The Evansville Courier Press has an article on inmates in the Vanderburgh County Jail who are mentally ill but cannot get a bed in a mental hospital because of cuts in funding. They reference a series in the South Bend Tribune which I missed.
In any case, this seems like a fairly simple proposition. Either we pay up front for treatment for the mentally ill or we pay for incarceration later when, due to their mental illness, they inevitably run afoul of
the law. Our jails become the mental health providers of last resort. It’s a poorly thought out system that is inhumane and, even worse from a purely fiscal perspective, inefficient.
I suspect it’s a matter of power and who pays the bills. Counties pick up the tab for the local jails. I believe the state and federal government tend to pay for mental hospitals. So, when the state and federal government hit a budget crunch, they close the hospitals and pass the problem down to the counties. The counties don’t have the choice of closing the jails, and taxpayers end up paying more or receiving fewer or lousier county services.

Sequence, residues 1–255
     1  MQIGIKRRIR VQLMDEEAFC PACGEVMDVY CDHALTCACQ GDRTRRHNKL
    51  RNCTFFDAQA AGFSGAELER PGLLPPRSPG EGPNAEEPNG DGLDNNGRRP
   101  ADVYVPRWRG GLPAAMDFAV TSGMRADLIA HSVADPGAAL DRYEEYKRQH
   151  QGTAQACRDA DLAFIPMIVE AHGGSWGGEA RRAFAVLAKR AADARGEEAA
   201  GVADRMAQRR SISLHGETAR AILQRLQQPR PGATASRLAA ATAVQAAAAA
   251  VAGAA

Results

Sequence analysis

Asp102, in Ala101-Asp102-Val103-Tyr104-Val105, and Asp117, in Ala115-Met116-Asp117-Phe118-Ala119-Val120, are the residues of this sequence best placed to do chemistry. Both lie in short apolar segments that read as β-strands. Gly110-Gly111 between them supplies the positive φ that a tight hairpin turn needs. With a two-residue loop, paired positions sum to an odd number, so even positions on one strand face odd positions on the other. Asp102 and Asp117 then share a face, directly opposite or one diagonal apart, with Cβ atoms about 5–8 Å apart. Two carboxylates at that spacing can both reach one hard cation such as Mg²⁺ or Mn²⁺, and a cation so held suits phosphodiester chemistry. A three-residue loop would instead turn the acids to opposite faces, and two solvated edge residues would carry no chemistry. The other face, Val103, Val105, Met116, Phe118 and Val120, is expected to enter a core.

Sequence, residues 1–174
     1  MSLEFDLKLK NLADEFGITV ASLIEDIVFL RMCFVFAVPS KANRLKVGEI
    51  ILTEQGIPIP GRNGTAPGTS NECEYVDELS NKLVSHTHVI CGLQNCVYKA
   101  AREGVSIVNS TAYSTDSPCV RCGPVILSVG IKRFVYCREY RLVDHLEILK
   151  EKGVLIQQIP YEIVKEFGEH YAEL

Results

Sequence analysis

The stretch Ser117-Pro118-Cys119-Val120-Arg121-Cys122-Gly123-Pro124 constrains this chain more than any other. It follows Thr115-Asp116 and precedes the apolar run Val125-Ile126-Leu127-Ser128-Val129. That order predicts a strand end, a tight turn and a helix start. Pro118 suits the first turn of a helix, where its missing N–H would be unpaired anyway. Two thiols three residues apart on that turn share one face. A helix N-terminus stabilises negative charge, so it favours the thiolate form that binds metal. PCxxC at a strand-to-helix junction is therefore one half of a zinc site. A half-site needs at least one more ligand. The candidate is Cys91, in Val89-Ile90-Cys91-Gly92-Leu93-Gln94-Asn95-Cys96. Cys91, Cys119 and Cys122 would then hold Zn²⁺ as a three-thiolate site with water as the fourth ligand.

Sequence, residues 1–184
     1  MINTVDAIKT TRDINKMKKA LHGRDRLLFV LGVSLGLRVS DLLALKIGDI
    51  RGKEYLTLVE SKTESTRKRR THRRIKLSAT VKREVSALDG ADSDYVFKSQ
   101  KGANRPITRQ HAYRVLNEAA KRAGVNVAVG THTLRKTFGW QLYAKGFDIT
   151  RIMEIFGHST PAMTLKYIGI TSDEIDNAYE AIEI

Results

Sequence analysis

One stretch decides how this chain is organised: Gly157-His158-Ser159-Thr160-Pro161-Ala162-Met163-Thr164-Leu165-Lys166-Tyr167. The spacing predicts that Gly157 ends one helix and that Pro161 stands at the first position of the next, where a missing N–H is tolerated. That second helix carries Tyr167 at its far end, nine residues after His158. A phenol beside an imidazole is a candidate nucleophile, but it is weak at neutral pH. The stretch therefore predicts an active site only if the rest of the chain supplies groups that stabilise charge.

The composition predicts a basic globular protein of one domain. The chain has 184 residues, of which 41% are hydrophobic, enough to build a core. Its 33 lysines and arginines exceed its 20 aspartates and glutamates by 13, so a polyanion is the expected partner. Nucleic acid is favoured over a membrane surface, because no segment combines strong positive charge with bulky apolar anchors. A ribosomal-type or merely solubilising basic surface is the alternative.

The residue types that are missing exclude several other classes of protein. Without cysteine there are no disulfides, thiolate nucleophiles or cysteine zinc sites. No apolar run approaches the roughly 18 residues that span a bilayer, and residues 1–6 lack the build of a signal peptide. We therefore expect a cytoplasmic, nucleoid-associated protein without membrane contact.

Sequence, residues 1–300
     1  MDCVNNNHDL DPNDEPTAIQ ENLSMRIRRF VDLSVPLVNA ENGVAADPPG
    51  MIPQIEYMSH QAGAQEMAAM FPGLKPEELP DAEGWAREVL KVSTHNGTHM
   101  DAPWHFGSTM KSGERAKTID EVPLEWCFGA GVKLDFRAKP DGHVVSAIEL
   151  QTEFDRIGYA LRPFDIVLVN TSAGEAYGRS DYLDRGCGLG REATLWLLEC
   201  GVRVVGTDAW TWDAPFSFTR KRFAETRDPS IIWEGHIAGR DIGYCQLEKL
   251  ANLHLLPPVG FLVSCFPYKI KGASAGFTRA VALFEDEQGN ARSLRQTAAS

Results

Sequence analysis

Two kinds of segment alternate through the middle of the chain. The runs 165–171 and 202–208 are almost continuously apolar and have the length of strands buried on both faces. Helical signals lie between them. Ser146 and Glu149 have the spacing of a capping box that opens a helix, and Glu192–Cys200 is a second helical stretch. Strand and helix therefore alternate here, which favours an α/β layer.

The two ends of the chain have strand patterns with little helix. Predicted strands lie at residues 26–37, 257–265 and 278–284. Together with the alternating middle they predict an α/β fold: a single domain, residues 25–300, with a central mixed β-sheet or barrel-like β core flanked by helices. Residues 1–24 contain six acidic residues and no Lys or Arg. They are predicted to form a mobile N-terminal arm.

[…] Local government expenditures have not increased particularly since 2005. The immediate cause of property tax increases will be almost entirely attributable to the property tax subsidy reduction passed by the legislature. But on a more general level, local expenditures increase because, as the saying goes, “shit runs downhill.” (Sorry Mom.) An example I mentioned yesterday was that of cutting funding for mental hospitals. The state cuts mental health funding so the county jails gets more inmates who are committing crimes because of their mental illnesses. Counties have to pick up the tab. Very often where you see a necessary expenditure cut by the state, you will see the expense pop up in a form the local government has to pay more for as the provider of last resort. So, it’s simply wrong for legislators to try to duck the consequences of their budgetary choices by implying that local government is somehow guilty of extravagant spending. […]